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Dec 28 2018 | Stanford News
In a small trial, brain scans revealed who was most at risk of relapsing after being treated for addiction to stimulants like amphetamines or cocaine. The finding could identify people who need help staying drug-free.
New research by a trio of Stanford scholars shows how different insurance strategies affect the volume of opioid use and could help stem inappropriate prescribing behaviors.
Dec 21 2018
Building smarter artificial intelligence systems might help us understand natural intelligence and unlock the secrets of the brain, and knowledge about how our brains work might help make artificial intelligence smarter. Or it might not.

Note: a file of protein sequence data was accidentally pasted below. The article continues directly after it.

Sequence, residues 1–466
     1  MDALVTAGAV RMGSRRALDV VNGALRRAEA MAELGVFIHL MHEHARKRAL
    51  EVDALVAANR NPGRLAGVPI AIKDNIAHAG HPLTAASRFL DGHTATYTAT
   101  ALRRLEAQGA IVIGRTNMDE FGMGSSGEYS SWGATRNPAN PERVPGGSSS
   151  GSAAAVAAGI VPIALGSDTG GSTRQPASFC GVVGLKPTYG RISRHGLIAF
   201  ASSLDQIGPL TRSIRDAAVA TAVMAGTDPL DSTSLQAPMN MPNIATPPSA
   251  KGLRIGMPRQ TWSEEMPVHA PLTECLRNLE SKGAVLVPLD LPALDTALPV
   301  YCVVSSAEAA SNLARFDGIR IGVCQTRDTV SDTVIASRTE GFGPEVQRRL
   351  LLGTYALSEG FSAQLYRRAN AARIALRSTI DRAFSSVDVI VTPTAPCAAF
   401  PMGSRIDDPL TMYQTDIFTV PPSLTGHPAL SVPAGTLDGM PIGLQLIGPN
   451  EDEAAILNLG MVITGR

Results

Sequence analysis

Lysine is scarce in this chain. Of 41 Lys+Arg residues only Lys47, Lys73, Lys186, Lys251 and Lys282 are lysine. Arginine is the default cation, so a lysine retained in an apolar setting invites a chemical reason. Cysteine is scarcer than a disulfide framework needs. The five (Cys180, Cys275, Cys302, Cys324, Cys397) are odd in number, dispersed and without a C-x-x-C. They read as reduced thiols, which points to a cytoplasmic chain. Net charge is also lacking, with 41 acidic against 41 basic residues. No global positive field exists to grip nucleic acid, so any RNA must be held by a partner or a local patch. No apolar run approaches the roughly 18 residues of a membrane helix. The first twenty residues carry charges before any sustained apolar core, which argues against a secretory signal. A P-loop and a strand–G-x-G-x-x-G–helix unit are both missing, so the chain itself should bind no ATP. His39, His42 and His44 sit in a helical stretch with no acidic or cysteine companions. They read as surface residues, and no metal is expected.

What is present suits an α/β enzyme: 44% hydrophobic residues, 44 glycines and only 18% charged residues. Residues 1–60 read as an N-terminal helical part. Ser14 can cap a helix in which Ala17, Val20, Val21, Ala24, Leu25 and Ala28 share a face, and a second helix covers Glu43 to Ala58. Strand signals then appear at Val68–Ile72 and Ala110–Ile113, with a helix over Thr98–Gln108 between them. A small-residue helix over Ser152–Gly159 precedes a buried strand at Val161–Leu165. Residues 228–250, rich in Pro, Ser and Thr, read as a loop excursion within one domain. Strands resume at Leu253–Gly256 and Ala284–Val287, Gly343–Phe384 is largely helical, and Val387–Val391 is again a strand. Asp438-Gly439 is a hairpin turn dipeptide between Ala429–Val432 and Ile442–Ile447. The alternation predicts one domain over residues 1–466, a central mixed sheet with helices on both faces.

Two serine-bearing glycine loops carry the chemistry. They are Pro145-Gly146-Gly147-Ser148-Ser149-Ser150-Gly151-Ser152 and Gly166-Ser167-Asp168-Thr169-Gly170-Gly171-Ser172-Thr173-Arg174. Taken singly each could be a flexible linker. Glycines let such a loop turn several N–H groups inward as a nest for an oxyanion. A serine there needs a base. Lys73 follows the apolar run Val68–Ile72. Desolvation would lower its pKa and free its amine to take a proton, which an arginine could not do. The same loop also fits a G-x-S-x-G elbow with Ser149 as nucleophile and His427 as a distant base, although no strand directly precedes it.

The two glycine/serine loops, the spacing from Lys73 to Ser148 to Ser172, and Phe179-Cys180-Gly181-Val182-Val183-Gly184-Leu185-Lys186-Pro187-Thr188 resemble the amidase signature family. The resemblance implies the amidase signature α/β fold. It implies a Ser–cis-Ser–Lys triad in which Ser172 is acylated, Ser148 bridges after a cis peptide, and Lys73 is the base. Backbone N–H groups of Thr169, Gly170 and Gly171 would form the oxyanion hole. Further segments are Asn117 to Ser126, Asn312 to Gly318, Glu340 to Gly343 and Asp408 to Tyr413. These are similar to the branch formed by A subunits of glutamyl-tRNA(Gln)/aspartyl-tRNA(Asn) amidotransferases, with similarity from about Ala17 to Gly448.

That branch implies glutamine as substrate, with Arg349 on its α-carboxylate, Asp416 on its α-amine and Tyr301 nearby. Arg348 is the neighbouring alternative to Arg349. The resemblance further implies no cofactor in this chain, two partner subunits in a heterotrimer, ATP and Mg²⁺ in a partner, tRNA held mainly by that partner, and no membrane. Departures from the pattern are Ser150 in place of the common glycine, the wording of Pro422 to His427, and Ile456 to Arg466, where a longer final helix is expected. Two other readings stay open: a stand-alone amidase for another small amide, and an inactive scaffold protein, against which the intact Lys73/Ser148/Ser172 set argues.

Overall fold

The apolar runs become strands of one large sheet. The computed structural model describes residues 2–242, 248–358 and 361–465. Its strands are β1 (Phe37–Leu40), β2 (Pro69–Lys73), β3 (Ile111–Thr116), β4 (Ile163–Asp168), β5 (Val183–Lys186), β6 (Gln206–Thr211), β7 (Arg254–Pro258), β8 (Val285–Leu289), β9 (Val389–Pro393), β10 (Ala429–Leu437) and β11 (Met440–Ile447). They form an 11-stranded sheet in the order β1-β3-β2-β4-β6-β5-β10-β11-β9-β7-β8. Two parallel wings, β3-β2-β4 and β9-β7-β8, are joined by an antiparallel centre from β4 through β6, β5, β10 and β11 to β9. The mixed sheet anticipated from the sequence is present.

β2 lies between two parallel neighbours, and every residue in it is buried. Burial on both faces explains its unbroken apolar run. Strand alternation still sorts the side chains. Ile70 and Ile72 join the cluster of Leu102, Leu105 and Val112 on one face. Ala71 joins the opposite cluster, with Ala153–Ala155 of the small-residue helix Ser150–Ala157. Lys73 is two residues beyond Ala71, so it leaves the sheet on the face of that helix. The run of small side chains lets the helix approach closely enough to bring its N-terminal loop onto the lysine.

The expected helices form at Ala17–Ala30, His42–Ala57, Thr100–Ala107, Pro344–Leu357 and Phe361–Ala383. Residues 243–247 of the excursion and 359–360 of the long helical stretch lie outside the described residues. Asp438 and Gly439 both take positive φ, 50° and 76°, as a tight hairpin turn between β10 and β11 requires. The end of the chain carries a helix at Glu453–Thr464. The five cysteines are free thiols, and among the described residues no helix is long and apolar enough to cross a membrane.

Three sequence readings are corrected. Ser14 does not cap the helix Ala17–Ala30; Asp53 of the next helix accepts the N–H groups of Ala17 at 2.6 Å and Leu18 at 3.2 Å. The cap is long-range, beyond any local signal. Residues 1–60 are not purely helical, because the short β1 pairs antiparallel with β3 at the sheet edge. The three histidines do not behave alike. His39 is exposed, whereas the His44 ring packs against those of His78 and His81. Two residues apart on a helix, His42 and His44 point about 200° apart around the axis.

Emergency medicine physician Al’ai Alvarez discusses how he integrates gratitude into his daily life and its many widespread benefits.
Neurosurgery resident Adela Wu comments on the importance of personalizing the informed consent process before a procedure for each patient.
A look at a new type of behavioral therapy designed to help children with autism understand emotions and interact better with others.
Researchers leverage studies in fruit flies to identify a potential treatment for people with neurodegenerative disorder called spinocerebellar ataxia.
Researchers led by Daniel Palanker have discovered that an imaging technique known as interferometry could be used to monitor neuron behavior.
Patients who undergo physical therapy soon after a pain diagnosis are less likely to use opioids in the long term, a Stanford-Duke study finds.
Physical therapy within three months of a musculoskeletal pain diagnosis reduced patients’ risk of long-term opioid use by about 10 percent, according to a study by researchers at Stanford and Duke.